Thursday, February 5, 2015

The monkey pounding on a typewriter

In connection with the fine tuning problem, the argument of the typist monkey is often used as an illustration that even very unlikely events can occur spontaneously. Depending on the author of the quote, the text supposedly written by the monkey can be the complete works of Shakespeare, Don Quixote, or even a shorter and less specific work. For instance, John Leslie, in his book Universes (Chapter One), writes:
Our universe can indeed look as if designed. In reality, though,  it may be merely the sort of thing to be expected sooner or later. Given sufficient many years with a typewriter, even a monkey would produce a sonnet.
Really? ¿A sufficient number of years? How many? Have you tried to calculate it?
Let us simplify the problem. We are going to ask the monkey to type, by pounding randomly the keys of the typewriter, something much shorter than a work by Shakespeare, or even a sonnet. We will just ask for the first sentence in Don Quixote:
En un lugar de la Mancha, de cuyo nombre no quiero acordarme, no ha mucho tiempo que vivía un hidalgo de los de lanza en astillero, adarga antigua, rocín flaco y galgo corredor.
We assume further that the typewriter has only the minimum number of keys: 27 letters, comma, period and blank space. To simplify even more, we accept a text written in lower case. Can we estimate how long it would take the monkey to write this text, by pounding the keys at random?
Drawing by Gustavo Doré
Let's see. The probability that a certain text of 177 characters is generated by banging randomly on 30 keys (we assume that the probability of the monkey pressing any key is the same) is 30-177»3.5´10-262.
Assume that the monkey is able to type 177 characters per minute. In that case, what he produces every minute can be considered an attempt to reproduce the first sentence of Don Quixote. Assuming (a big assumption) that no text is repeated, that all the attempts are different, how long would be needed to produce all the possible variations of the characters in the indicated text, one of which is this piece of Don Quixote? It is easy to see that it would take 2.8´10261 minutes (the inverse of the number of variations), equivalent to about 5.3´10255 years, i.e., 3.8´10245 times the age of the universe (a 3 and an 8 followed by 244 zeros).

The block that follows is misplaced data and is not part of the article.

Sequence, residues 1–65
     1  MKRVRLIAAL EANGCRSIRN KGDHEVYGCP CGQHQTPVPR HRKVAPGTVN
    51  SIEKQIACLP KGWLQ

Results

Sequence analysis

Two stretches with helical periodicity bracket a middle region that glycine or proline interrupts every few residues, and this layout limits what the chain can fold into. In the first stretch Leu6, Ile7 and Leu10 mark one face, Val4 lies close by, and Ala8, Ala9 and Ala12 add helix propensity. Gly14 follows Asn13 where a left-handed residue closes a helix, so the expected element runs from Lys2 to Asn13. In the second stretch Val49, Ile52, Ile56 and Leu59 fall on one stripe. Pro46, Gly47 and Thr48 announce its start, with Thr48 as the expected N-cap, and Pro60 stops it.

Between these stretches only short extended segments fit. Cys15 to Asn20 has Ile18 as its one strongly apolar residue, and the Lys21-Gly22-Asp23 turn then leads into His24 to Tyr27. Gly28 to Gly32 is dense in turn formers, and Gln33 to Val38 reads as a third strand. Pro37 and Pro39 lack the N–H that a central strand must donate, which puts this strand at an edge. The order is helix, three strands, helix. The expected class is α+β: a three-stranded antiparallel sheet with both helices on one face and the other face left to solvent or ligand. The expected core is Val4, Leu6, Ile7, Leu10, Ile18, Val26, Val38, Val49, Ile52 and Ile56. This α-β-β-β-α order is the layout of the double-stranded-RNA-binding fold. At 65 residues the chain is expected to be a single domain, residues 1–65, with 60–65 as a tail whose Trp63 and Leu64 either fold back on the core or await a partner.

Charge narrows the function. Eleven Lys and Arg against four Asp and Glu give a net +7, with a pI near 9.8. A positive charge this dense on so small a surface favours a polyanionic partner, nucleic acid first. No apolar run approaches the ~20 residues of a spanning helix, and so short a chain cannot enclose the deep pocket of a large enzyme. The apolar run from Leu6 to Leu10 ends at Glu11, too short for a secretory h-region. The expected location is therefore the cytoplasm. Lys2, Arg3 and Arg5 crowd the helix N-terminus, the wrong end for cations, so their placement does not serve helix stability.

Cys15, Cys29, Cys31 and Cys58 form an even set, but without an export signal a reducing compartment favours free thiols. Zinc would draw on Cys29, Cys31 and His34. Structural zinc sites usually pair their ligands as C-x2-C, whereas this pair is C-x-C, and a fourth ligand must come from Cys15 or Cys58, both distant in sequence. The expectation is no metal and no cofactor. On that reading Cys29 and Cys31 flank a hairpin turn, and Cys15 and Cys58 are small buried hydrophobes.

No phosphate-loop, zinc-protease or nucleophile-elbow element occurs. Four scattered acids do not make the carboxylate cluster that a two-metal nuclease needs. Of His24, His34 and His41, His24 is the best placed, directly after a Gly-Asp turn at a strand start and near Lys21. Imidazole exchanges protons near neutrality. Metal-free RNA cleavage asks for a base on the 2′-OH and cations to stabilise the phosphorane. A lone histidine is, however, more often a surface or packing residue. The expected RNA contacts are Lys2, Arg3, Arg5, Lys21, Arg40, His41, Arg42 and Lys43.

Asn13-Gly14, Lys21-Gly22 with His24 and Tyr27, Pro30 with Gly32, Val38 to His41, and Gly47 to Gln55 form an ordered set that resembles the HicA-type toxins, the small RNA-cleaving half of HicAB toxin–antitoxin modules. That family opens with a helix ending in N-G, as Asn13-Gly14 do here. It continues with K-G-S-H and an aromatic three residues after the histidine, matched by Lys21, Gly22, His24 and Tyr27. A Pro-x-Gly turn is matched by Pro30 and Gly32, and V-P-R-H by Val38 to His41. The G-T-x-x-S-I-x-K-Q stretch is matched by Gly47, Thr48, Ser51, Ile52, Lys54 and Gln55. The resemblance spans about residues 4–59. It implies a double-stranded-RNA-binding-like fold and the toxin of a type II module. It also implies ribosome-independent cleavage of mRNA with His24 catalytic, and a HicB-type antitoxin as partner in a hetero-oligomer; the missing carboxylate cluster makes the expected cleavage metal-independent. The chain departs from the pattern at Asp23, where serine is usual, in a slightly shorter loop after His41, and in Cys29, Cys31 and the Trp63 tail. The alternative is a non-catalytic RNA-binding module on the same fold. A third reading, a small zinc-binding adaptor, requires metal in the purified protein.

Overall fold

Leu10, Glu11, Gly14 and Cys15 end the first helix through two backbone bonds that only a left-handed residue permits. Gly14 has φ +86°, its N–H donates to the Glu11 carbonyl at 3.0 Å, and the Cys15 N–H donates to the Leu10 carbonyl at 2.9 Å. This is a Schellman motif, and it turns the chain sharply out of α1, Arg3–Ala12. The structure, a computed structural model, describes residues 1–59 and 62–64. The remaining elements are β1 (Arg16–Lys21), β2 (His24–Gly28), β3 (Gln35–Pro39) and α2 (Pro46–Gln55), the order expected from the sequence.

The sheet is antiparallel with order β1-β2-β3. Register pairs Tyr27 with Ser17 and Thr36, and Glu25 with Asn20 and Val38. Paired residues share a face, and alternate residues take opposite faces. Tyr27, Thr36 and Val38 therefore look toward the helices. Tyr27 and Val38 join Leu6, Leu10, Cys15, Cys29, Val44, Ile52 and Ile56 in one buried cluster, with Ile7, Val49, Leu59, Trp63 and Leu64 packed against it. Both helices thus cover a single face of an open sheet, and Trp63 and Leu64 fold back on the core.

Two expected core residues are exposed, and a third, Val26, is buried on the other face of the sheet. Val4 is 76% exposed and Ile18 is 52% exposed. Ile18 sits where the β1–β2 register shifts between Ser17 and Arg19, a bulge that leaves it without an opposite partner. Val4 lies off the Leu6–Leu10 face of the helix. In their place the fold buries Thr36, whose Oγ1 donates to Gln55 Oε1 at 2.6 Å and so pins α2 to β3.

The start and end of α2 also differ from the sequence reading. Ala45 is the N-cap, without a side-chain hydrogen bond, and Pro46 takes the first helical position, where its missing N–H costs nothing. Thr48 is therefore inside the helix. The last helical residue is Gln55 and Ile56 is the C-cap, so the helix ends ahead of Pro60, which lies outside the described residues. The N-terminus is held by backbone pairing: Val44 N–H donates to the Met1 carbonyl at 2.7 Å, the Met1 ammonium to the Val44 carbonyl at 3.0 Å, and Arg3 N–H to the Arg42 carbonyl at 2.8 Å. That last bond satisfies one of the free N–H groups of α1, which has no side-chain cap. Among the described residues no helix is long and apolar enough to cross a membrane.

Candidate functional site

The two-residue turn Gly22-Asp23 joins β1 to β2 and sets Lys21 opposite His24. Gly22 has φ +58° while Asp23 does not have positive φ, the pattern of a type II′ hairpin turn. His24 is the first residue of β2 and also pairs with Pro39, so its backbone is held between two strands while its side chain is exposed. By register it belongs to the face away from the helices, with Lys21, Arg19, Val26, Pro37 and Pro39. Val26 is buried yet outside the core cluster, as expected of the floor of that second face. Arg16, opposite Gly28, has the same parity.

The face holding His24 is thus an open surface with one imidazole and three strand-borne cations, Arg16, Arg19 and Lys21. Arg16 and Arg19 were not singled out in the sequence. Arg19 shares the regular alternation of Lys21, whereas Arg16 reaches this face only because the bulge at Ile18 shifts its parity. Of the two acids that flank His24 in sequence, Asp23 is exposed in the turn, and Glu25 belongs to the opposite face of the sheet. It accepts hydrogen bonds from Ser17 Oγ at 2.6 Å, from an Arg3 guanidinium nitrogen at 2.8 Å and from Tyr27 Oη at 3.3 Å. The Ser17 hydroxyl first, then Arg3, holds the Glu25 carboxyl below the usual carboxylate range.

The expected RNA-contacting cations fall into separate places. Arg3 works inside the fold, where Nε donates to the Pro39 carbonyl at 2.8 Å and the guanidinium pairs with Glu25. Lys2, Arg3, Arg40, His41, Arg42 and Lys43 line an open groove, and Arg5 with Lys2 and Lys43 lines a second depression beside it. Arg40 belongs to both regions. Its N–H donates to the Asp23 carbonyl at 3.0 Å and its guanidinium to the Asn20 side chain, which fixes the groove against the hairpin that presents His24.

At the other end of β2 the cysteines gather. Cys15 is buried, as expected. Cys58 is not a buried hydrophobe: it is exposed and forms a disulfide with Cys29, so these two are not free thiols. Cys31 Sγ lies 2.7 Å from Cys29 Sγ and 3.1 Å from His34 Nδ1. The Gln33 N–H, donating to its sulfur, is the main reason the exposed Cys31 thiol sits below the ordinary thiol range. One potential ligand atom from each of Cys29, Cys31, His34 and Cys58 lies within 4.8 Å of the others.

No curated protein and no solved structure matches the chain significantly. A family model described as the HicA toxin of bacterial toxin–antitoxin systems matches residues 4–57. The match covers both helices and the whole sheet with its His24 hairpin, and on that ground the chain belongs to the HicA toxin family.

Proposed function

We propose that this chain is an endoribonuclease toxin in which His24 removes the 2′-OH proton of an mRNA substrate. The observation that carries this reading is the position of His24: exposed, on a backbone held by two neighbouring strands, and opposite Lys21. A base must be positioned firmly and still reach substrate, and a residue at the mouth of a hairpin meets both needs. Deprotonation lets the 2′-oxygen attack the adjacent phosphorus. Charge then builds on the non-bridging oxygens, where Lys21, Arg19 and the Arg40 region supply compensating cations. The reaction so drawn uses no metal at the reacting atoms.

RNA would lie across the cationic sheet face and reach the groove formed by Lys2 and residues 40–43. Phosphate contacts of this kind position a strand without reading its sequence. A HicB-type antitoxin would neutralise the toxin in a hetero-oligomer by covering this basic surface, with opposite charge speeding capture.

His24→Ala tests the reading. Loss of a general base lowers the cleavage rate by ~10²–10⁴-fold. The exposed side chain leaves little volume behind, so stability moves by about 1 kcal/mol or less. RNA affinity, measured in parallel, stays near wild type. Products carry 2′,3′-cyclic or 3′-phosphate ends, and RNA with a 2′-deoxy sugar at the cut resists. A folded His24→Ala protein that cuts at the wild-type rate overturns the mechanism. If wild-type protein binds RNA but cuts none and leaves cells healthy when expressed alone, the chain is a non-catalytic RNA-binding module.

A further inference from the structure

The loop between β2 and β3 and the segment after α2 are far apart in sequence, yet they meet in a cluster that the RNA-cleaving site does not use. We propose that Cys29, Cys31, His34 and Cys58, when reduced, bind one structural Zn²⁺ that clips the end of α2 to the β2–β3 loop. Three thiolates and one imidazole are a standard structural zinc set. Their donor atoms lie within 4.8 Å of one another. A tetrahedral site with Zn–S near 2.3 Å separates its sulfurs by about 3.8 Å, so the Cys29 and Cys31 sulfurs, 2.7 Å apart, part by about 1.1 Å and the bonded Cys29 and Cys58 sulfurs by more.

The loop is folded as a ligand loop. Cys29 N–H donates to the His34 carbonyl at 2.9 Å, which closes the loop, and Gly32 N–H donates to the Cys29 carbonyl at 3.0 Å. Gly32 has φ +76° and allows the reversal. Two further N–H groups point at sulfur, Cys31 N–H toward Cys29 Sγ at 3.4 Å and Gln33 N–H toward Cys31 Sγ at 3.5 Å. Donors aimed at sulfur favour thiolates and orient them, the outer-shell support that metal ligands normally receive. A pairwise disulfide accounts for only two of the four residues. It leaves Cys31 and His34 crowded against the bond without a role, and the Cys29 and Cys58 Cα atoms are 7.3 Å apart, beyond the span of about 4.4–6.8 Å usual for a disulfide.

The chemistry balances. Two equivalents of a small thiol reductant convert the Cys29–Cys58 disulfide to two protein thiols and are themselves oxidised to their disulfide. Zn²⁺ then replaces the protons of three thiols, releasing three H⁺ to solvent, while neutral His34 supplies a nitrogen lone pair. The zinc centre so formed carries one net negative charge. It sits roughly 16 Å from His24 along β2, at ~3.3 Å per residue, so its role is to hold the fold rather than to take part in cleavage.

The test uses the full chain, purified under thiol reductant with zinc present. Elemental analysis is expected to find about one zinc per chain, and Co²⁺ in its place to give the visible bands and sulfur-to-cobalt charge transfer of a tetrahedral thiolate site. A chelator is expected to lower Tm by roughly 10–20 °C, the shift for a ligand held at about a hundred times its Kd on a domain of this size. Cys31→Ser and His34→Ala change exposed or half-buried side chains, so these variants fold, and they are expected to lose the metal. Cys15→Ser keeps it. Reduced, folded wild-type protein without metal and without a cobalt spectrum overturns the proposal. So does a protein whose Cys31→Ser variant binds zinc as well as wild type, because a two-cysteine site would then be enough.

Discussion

The conclusion is obvious: however many years we left the monkey with the typewriter, it is not reasonable to think that it would be able to type that small piece of Don Quixote, as it would die much earlier. In fact, if we force the poor monkey to pound all the time on the typewriter, with no time to eat or sleep, its life expectancy will be dramatically reduced.
Yes, I know, the monkey is metaphorical, and the objective of the problem is to show that, given enough time, however long, even extremely improbable events may happen (those with a very small probability, greater than zero). But look at the question from the opposite side. If we find the text quoted above, which of the following two hypotheses should be considered more rational?
         That the text was written by a person with a certain intention.

         Or that the text arose by chance, as though it had been produced by a monkey pounding on a typewriter.

Manuel Alfonseca
(For Fonch)

3 comments:

  1. Thank you so much for the interesting article on a suggestion I've always found unsound.

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  2. Thanks. I have a couple of things to add to the post:

    1. An event may have a very low probability, but its occurrence may be certain. So, if you buy a single ticket for a lottery with 100.000 different numbers, your probability of winning is 10^-5, but if all the numbers are sold, someone will win the first prize anyway, even with such a low probability. This happens because there are many people playing, and if a number is sold, nobody else can buy it.

    Does this happen in the monkey case? Not at all. Let us assume that the probability of a text being written were 10^-500, and that there are 10^500 monkeys pounding on typewriters in parallel. Would the text in question be sure to written in this situation? No, because we couldn't assume (as I did in the post) that two monkeys will always write different texts. In fact, the number of repetitions could be very large, without any limitation. Therefore it would not be certain that the text in don Quixote would ever be written.

    2. The multiverse hypothesis has been introduced to solve the fine tuning problem, but it doesn't. String theory, for instance, postulates the existence of 10^500 possible different universes. But even if there were 10^500 universes in existence, we wouldn't be able to assure that there were no repetitions, therefore we would be in the same situation as the 10^500 monkeys pounding on typewriters. Therefore those multiverses do not solve the fine tuning problem. To do that, the only way is postulating the existence of an infinite number of universes (as Tegmark does). But this introduces other problems, as I have pointed in previous posts in this blog.

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